Apparently, of his own will, he was not a member of the Permanent committee, but he presently attempted to dissolve it, and caused the election of the Committee of Safety. Throughout the remainder of Ellicott’s stay, he bitterly opposed the influence of that gentleman in the affairs of the district. Ellicott did not appreciateHutchins’ feeling of primacy in the district, and the Colonel bitterly resented the leadership assumed by the commissioner, whom he regarded as an interloper. He accused Ellicott of everything he could think of in the line of public character, but the writer has found no mention of the other accusations against Ellicott, over the signature of Anthony Hutchins.”
He strenuously urged against Ellicott in 1797-98 that the latter favored the English grants, but Colonel Hutchins appeared to be closely associated with some royalist friends, including Elihu Hall Bay, in asserting the validity of these grants.
On file in the Mississippi archives is a letter from Colonel Hutchins to John Miller, Esq., Carolina Coffee House, Birchin Lane, London, dated Natchez, 25th January, 1799, enclosing his affidavits before Isaac Johnson, that he had not been during the year 1798, “following any other place or employment of profit, Civil or Military under His Majesty besides his military allowance as a Provincial Officer.” He requested Miller, with whom he was associated commercially, to buy two tickets in the London State lottery, one for his wife, Ann Hutchins, and the other for his eight children.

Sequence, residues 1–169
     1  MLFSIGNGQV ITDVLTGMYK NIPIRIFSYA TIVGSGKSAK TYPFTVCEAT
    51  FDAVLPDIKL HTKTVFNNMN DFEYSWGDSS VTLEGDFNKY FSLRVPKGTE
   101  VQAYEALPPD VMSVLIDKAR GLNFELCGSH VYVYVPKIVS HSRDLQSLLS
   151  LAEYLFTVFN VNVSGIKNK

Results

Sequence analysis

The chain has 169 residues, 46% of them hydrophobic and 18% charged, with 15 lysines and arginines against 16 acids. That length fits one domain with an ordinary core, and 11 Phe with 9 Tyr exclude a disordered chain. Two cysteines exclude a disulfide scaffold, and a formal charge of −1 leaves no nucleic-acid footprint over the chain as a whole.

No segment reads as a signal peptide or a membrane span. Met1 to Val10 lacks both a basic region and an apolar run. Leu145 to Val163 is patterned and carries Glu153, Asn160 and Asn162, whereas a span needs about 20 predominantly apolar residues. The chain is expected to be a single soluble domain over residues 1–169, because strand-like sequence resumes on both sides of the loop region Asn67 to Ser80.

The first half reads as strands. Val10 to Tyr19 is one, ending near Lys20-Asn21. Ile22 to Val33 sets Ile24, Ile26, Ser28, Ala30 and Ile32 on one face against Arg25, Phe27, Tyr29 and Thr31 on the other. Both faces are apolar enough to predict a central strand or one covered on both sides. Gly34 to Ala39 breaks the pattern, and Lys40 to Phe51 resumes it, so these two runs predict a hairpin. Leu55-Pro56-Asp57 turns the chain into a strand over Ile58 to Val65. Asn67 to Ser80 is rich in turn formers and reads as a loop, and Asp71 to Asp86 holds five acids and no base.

“It is so long since a letter from you hath come to hand that I am and shall be at a loss to know how to write to you on the business of our concern, until I shall happen to receive one, for even such letters as may go safe to the U. States may lay in the Post Office unattended to, which probably may have been the case with some of yours to me. Things are very disagreeable here. Courts are not yet organized, nor do we know anything respecting lands, whether British grants for unoccupied lands will operate fully here or not or whether Spanish grants on the same land will not bear the greatest weight. These are matters I suppose that will ere long be determined. One of the evasions respecting English grants is that Florida was in possession of Spain when the Treaty between Britain and America was made and established.”